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Wendy & Lisa Make a Low-Key Reentry

September 07, 1998|MARC WEINGARTEN

Although they've been out of the pop arena for six years, Wendy Melvoin and Lisa Coleman are certainly not making any bold gestures to catch the public's attention. The duo's fourth album, "Girl Brothers," is available only on the Internet, and the two are making very low-profile public appearances. At McCabe's on Friday, Wendy & Lisa crammed the tiny stage with musicians and instruments and delivered a performance as moving as it was exuberant.

Their new material primarily deals with the death of Melvoin's brother, Jonathan, who died of a heroin overdose while on tour with the Smashing Pumpkins two years ago. The core of Wendy & Lisa's set revolved around those songs, tender elegies made even more poignant by fragile, minor-key melodies and guileless singing.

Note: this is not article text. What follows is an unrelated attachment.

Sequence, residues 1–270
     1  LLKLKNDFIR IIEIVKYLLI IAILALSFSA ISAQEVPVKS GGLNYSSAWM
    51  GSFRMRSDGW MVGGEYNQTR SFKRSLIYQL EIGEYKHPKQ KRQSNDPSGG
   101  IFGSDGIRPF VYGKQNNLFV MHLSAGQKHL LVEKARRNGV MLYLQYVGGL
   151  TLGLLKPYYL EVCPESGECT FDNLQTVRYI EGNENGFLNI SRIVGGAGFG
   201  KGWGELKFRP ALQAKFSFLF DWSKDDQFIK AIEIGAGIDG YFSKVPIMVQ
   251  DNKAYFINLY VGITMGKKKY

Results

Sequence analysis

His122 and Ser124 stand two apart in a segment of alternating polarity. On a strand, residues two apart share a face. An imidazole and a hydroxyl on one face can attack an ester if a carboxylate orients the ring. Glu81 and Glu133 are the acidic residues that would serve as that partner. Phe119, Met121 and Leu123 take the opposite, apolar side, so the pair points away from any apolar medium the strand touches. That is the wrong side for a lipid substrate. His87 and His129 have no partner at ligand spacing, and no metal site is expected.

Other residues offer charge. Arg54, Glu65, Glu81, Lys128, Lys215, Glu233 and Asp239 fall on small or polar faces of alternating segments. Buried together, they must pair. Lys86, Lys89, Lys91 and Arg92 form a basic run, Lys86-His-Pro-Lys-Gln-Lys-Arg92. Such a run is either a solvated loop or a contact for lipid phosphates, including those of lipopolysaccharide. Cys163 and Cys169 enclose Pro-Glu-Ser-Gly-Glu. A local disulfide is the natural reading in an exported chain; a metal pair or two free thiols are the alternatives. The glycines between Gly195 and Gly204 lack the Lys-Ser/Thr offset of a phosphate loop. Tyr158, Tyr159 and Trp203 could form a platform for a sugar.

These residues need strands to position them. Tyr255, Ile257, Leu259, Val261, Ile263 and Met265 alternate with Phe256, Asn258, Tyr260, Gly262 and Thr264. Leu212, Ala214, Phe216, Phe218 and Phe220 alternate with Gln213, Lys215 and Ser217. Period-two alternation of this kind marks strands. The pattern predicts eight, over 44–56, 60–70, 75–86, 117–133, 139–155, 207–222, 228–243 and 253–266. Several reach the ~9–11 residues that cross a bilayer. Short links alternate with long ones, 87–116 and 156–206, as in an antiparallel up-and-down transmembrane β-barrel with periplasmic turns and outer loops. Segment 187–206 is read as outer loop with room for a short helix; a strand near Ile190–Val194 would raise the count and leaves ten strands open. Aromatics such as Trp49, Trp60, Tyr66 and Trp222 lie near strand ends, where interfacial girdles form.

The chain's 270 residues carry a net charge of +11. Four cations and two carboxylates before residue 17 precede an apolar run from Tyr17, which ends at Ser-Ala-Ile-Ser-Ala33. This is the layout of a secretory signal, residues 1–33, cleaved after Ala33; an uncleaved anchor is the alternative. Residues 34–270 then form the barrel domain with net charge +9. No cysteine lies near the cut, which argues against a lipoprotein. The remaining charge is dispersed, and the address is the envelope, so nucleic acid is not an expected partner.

But it wasn't all downcast balladry. Songwriters of remarkable stylistic breadth, Melvoin and Coleman shifted fluidly from strident hard rock to acoustic folk to funk-pop (tipping off their early days as members of Prince's band). A few older songs were slightly recast, such as the duo's florid 1987 Top 40 hit "Waterfall," which was pared down and tightened up for '90s consumption.

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